Gabriel Pionkowski, exploring canvas

If painters have always deconstructed and reconstructed the concept of painting, Gabriel Pionkowski does literally. Holder of a Master of Fine Arts from the University of Wisconsin in Madison, the 28 year old artist explores the canvas, definitely defining himself as a painter and not as a textile designer or textile artist. The very medium of the painter, namely the stretched canvas on its frame, is the base of his reflection.
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Deconstructed (unweaved), painted (colored), rebuilt (rewoven), the screen turns to create a work of art (textiles), which plays with the background (the subject of the work) and the motif (graphic representation). The pieces exhibited reveal the usually hidden canvas, creating a kind of abstraction, delivering a certain exploration of emptiness too.
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In addition, on the point-of-view of textiles (and not on that of the artist), the “canvas” also refers to a weave type (yarn crossing of warp and weft). Canvas is the simplest woven surface, the oldest with no possible distinction between its frontside and backside…
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The textile surface seems to have been the center of your approach for 4 years. What triggered it off?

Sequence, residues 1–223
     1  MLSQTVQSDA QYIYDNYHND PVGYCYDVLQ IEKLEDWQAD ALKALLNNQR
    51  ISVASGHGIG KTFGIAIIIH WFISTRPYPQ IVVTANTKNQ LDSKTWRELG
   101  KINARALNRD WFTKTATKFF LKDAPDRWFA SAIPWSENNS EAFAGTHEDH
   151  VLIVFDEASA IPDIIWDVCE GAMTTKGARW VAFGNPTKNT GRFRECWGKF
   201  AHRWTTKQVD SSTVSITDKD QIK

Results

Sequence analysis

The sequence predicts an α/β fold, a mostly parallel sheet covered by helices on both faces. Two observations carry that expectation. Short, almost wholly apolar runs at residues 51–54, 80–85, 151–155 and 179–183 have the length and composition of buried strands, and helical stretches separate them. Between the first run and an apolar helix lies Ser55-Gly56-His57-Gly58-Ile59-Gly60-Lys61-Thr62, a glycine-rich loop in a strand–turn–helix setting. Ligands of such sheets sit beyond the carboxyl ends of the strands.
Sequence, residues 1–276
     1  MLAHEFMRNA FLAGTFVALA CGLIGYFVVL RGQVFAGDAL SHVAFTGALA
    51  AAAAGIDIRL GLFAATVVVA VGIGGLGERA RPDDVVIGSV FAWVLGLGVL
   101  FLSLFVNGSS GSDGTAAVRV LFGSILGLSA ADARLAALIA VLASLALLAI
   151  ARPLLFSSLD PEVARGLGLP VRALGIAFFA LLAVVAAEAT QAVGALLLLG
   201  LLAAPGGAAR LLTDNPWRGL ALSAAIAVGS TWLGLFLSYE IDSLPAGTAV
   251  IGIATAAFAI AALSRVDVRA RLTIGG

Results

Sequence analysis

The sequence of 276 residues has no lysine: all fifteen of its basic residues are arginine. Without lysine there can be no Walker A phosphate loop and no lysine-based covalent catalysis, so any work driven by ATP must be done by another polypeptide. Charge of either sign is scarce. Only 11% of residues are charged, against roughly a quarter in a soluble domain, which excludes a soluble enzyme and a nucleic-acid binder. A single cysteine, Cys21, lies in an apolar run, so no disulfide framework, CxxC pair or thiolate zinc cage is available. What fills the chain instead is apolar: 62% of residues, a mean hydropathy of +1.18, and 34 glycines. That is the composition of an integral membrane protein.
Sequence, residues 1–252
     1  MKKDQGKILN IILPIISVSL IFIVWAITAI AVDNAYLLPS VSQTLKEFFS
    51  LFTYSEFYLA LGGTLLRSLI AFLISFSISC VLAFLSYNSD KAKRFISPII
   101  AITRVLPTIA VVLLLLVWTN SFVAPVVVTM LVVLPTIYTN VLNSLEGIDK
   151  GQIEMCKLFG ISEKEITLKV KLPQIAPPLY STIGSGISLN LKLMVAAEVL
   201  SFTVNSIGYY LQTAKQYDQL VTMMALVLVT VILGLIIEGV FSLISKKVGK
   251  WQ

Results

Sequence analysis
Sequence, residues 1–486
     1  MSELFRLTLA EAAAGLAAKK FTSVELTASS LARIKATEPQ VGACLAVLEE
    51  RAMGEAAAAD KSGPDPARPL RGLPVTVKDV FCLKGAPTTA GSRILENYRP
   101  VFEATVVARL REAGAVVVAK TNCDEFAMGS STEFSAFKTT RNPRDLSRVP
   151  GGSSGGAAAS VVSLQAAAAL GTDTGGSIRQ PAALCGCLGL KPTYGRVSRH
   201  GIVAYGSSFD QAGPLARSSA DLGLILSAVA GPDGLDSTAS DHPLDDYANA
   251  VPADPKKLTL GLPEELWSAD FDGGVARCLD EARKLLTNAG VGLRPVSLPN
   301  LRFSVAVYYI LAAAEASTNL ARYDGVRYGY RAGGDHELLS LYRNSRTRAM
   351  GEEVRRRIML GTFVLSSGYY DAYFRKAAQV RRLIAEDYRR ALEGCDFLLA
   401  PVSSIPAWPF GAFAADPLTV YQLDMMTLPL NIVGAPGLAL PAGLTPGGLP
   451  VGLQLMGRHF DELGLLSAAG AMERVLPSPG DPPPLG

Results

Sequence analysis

For the most part I am a self-taught weaver, arriving at this process through a sustained practice of painting that has been concerned with ways of giving figure to the “ground of painting”.
Can you describe your working process?
For the past few years I have constructed my paintings through a process of deconstructing ready-made artist canvases, painting each thread individually, and reconstructing the canvases on a traditional hand-weaving loom. I think of the process of deconstructing and reconstructing the canvas as a silent performance meant to re-invest the ready-made canvas with the gesture of the subjectile. In the process the picture place is de-stabilized, and becomes imbued with what I like to call the “possibility of turning”, a motionless movement that has become the motif for my most recent work.
In which way has textile craftsmanship enriched your work?
As a painter I feel the act of weaving helps re-align my vision, agitating it, further situating it in the interval between above and below.
The looms allow a certain reproducibility. What is your approach with regard to the uniqueness or exceptional aspect of your paintings?
The loom literally enables this re-presentation, or as you put it, the reproducibility of the ready-made canvas surface. If there is any uniqueness to my paintings I feel it is in how they achieve, on one level or another, a different way of thinking about what a painting can be. Of course, this judgment is not up to me.
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